What is rail riding?
If a pinewood derby car is aligned to run straight, but the track is not consistently level (very common), the car will contact the center guide rail both with the left wheels and the right wheels. it will basically wobble back and forth all the way down the track. robbing you of all your speed. If a raised wheel is used, then the raised wheel will likely contact the guide rail and start spinning. This will cancel any benefit attained from the raised wheel.
Derby Worx came up with the idea of riding the center rail. Riding the center rail keeps only one wheel touching the track and keeps a consistent travel down the track. If you are not moving back and forth, then you must be moving forward! Faster!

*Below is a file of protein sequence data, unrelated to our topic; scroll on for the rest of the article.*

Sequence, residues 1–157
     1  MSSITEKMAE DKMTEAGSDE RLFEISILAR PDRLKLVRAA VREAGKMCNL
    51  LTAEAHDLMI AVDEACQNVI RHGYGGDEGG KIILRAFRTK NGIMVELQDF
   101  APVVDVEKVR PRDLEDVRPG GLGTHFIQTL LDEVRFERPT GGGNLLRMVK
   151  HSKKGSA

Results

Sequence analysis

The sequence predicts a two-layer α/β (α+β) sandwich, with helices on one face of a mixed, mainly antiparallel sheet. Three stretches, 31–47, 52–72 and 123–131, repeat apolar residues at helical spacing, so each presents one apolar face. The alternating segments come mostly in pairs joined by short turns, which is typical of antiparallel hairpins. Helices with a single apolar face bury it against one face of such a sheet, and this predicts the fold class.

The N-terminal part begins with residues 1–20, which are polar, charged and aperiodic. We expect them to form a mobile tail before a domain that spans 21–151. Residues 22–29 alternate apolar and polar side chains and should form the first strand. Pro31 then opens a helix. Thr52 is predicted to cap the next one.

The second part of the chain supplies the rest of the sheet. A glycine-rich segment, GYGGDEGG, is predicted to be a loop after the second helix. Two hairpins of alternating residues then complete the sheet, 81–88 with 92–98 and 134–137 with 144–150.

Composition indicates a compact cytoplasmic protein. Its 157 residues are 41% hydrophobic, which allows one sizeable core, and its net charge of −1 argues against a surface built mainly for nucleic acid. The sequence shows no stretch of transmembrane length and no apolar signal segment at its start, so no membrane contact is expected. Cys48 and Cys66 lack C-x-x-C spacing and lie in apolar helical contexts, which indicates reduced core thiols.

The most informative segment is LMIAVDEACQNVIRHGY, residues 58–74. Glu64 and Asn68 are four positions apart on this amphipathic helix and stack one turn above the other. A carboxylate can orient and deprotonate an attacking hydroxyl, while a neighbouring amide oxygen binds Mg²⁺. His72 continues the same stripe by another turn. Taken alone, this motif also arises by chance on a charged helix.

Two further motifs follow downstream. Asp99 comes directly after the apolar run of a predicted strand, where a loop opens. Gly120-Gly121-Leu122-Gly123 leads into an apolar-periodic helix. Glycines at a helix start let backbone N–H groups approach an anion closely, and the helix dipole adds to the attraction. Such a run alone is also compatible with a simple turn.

To compensate for the unknown condition of the track, the car can be intentionally steered such that the raised wheel does not contact the guide rail. For this discussion, we will assume that the left-front wheel is raised (if the right-front wheel is raised, then everything discussed below is reversed).
Adjust the right-front wheel so that the car drifts to the left – this keeps the left-front wheel from contacting the guide rail. With this drift, and if the rear wheels are aligned to run straight, then only the right-front wheel will contact the guide rail. To ensure that the right-rear wheel stays off the rail, the right-front of the car can be narrowed by 1/16 inch.
Tests show that when this Rail-rider technique is implemented, car performance is consistently faster than straight alignment.
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Your choice of polish level depending on your desire. Our technique is perfected and you can see the results. Quality and Repeatability time after time.
Two axles are bent at 2.5 deg (for rear wheels), one axle is bent at 1.5 deg (for front dominant wheel), and one axle is straight (for raised wheel).